Posts in Reading
Reading Outside Your Tribe

The Bible is inerrant. Because it is the inspired Word of God, it is incapable of communicating falsity. While being kept from error, the human authors of the Bible were moved by the Holy Spirit so that all they wrote (in their own words) fully encompassed all he desired for them to write. What happens, then, when we read about their misgivings and failures? Does God’s inerrancy suffer at the hands of his people’s errors? My issue is how easily some unintentionally apply this supernatural activity of the Spirit with respect to the doctrines of inerrancy and inspiration beyond the text, and extend it to the authors themselves. 

“But when Cephas came to Antioch, I opposed him to his face, because he stood condemned. For before certain men came from James, he was eating with the Gentiles; but when they came he drew back and separated himself, fearing the circumcision party. And the rest of the Jews acted hypocritically along with him, so that even Barnabas was led astray by their hypocrisy. But when I saw that their conduct was not in step with the truth of the gospel, I said to Cephas before them all, ‘If you, though a Jew, live like a Gentile and not like a Jew, how can you force the Gentiles to live like Jews?’” (Galatians 2:11–14, ESV)

When these certain men came from James, the brother of Christ and leader of the Jerusalem church, Paul was forced to confront Peter (Cephas). Paul opposed Peter, the rock on whom Christ promised to build his church (Mt 16:18), for acting in a manner that was out of step with the gospel. It’s baffling that two of the “super-apostles” (cf. 2 Cor 11:5) are indicted in these four verses: the former for propagating (enforcing?) ethnic division in the church, the latter for sheepishly cowering to the forces of sinful peer-pressure. The moral of the story: everyone (even the Apostles!) is susceptible to theological blind spots. 

The crusades don't rebuff the wisdom of Aquinas. The burning of Servetus doesn't nullify Calvin's contributions. Whitefield's pension for slavery doesn't overturn his homiletical genius. Again, we are all susceptible to theological blind spots. One way we can remedy this is by reading outside of our tribes. While it would be incredibly convenient, Christendom does not neatly divide along the lines of theological good guys and theological bad guys. We must be Bereans. We are big boys and girls. If there are bones in the fish, pick them out and feast on the meat.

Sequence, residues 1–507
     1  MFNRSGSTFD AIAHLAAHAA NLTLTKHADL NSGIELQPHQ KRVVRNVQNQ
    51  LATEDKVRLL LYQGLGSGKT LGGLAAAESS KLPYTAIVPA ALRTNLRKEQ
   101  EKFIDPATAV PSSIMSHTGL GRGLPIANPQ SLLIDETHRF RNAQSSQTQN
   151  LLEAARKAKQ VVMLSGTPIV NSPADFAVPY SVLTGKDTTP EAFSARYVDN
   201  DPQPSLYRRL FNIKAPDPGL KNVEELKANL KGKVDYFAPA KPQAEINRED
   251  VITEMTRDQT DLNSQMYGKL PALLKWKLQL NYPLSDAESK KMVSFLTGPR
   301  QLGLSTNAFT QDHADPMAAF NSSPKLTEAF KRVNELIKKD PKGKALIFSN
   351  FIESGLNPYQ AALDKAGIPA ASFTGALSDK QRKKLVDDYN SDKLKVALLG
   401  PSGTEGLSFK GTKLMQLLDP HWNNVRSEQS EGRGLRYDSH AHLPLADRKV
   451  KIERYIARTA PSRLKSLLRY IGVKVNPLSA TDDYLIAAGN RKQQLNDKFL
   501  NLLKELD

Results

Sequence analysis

Barth, Swiss Reformed, was an ostensible universalist; yet he taught me a great deal about Christian ethics and the highest good. Lewis, an Anglican, was an errantist; yet he tutored me in the school of Christian imagination and what it means to have an awakened mind. Mary Prokes, a Roman Catholic, was a Franciscan nun; yet her prose on human embodiment—specifically on the true purpose and meaning of sexuality—was outstandingly illuminating and edifying. R.C. Sproul Jr., a Presbyterian, believes that God created sin; yet he taught me much on trusting in God’s sovereignty and faithfulness in the midst of the storm.

Isaac Newton, arguably the most influential scientific figure of all time, once penned to a friend, “If I have seen farther, it is by standing on the shoulders of giants.” This was Newton’s way of acknowledging that his accomplishments were due in large part to those who went before him. This maxim has been adopted to comment on the invaluable contributions of the Christian tradition. We are recipients of a rich and diverse tradition of theological formulation. This gift is to be received with thanksgiving, as an extension of God's promise to be with us always and to build his church. My only problem with the co-option of this quote is the imagery. If we are standing on the shoulders of giants, then when they fall we all fall. As Protestants, we stand on the Bible. Because the Bible is inerrant, I don’t need Luther to be. And neither do you.